2008
 
Expected volatility
    212.88 %
Weighted-average volatility
    70.96 %
Expected dividends
    0  
Expected term (in years)
    4  
Risk-free rate
    4.013 %

 
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NOTE 10.  STOCK OPTION PLAN - Continued

A summary of option activity under the Plan as of December 31, 2010 and 2009, respectively, and changes during the periods then ended are presented below:

Options
 
Shares
   
Weighted-Average Exercise Price
   
Weighted-Average Remaining Contractual Term
   
Aggregate Intrinsic Value
 
Outstanding at December 31, 2009
    7,502,000     $ 0.19       3.5     $ 1,079,658  
Exercisable at December 31, 2009
    7,502,000     $ 0.19       3.5     $ 1,079,658  
Outstanding at December 31, 2010
    7,502,000     $ 0.19       3.5     $ 1,079,658  
Exercisable at December 31, 2010
    7,502,000     $ 0.19       3.5     $ 1,079,658  

All options outstanding were fully vested as of December 31, 2010 and 2009.

NOTE 11.    INCOME TAXES

The consolidated provision for federal and state income taxes for the years ended December 31, 2010 and 2009 are as follows:
 
 
   
2010
   
2009
 
             
Current – State
  $ -     $ -  
Current – Federal
    -       -  
Deferred – State
    34,000       40,121  
Deferred – Federal
    133,000       158,849  
Valuation allowance
    (167,000 )     (198,970 )
                 
Income tax provision (benefit)
  $ -     $ -  
 
There were no amounts paid for federal income taxes during the years ended December 31, 2010 and 2009.

The income tax provision differs from the expense that would result from applying statutory tax rates to income before taxes because of certain expenses that are not deductible for tax purposes and the effect of the valuation allowance.

 
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NOTE 11.   INCOME TAXES - Continue
 
As of December 31, 2010, the Company had federal net operating loss carryforwards of $12,348,500 that can be deducted against future taxable income.  These tax carryforward amounts expire as follows:
 
December 31, 2023       102,762  
December 31, 2024       3,238,813  
December 31, 2025       2,810,321  
December 31, 2026        4,019,899  
December 31, 2027     487,703  
December 31, 2028     548,670  
December 31, 2029      712,860  
December 31, 2030     427,472   
    Total     $  12,348,500  
                                                                                                                                                                                                                                                        
However, such carry forwards are not available to offset federal alternative taxable income.  Internal Revenue Code Section 382 imposes limitations on our ability to utilize net operating losses if we experience an ownership change and for the NOL’s acquired in the acquisitions of subsidiaries.  An ownership change may result from transactions increasing the ownership of certain stockholders in the stock of the corporation by more than 50 percentage points over a three-year period.  The value of the stock at the time of an ownership change is multiplied by the applicable long-term tax exempt interest rate to calculate the annual limitation.  Any unused annual limitation may be carried over to later years.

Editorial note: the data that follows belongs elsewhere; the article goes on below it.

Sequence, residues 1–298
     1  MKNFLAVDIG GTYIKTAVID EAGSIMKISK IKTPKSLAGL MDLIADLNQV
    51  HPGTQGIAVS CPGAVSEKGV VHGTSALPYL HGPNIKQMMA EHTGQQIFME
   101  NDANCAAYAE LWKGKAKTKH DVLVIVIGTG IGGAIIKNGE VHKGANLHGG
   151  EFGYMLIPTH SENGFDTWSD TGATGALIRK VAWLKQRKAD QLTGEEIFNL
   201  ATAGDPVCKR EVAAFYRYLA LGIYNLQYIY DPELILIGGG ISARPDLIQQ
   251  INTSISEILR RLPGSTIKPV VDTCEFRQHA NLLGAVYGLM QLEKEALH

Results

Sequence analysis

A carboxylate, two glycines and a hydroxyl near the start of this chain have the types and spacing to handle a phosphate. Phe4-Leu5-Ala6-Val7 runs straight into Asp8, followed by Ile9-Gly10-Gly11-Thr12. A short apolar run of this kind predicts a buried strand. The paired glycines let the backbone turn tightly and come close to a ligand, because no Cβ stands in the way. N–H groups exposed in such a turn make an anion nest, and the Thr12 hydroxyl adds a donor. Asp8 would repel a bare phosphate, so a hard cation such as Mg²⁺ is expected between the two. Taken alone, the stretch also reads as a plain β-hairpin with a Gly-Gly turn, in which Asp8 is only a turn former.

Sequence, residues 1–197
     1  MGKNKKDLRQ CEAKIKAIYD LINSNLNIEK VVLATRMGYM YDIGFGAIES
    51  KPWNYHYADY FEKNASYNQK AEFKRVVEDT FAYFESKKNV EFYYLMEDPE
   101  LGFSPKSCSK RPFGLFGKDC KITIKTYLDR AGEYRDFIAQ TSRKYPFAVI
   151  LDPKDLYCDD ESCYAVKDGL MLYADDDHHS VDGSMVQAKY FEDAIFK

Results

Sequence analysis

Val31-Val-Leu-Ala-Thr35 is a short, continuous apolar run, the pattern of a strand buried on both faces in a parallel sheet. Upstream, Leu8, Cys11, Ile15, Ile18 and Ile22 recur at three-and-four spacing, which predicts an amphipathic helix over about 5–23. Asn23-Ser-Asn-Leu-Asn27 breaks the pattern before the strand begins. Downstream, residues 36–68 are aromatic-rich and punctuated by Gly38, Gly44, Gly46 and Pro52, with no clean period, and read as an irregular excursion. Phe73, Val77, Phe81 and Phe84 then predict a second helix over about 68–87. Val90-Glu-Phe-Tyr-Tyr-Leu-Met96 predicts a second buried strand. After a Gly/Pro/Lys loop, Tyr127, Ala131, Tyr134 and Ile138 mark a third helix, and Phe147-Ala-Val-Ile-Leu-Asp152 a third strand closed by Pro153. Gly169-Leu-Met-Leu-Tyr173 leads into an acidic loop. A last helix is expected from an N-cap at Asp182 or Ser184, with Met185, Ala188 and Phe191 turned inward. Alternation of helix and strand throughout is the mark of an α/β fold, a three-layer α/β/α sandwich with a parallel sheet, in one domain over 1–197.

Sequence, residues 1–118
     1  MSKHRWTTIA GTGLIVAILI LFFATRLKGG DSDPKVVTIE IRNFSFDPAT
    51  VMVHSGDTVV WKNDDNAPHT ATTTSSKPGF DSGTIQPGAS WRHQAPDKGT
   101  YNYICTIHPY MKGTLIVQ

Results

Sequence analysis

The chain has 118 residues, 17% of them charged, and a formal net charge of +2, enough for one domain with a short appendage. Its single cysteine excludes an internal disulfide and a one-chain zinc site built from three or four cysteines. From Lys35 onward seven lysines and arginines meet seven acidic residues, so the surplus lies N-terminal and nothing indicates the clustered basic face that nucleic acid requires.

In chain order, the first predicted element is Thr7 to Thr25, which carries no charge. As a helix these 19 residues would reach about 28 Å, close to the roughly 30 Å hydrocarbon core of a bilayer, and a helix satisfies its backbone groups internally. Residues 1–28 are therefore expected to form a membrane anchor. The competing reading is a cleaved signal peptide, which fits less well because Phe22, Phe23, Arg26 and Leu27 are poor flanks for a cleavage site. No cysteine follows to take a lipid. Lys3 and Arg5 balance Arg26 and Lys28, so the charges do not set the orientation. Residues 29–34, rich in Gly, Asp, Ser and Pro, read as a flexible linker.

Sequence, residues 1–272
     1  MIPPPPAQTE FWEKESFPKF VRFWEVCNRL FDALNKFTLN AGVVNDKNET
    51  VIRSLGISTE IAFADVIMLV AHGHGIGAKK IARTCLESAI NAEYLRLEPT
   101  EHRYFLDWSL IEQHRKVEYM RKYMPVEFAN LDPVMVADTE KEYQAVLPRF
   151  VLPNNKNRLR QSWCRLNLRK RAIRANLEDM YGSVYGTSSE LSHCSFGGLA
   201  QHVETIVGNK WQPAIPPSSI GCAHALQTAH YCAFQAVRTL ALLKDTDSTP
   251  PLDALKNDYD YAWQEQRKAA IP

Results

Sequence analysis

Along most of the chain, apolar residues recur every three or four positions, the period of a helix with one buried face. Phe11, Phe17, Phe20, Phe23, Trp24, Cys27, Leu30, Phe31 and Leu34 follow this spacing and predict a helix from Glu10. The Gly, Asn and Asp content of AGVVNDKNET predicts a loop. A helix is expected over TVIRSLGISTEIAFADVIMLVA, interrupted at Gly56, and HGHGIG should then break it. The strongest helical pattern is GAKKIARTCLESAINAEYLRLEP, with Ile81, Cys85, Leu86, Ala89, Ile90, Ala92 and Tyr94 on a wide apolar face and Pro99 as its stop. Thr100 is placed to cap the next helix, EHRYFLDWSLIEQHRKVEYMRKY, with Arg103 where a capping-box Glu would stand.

The state operating losses will expire between 2012 and 2020 if not utilized.

The Company accounts for income taxes in accordance with the Income Taxes Topic of the FASB ASC, whereby deferred taxes are provided on temporary differences arising from assets and liabilities whose bases are different for financial reporting and income tax purposes.  Deferred taxes are attributable to the effects of the following items:

 
 
Differences in calculating depreciation on property, plant and equipment, differences in calculating amortization and/or impairments on intangible assets, allowance for bad debt, and tax loss carry forwards.
 
The Company’s total deferred tax assets and deferred tax liabilities at December 31, 2010 and 2009 are as follows:

   
2010
   
2009
 
             
Deferred tax asset - current
  $ -     $ -  
Deferred tax asset – non current
    4,306,000       5,226,179  
Total deferred tax asset
    4,306,000       5,226,179  
                 
Deferred tax liability - current
    -       -  
Deferred tax liability – non current
    (167,000 )     (198,970 )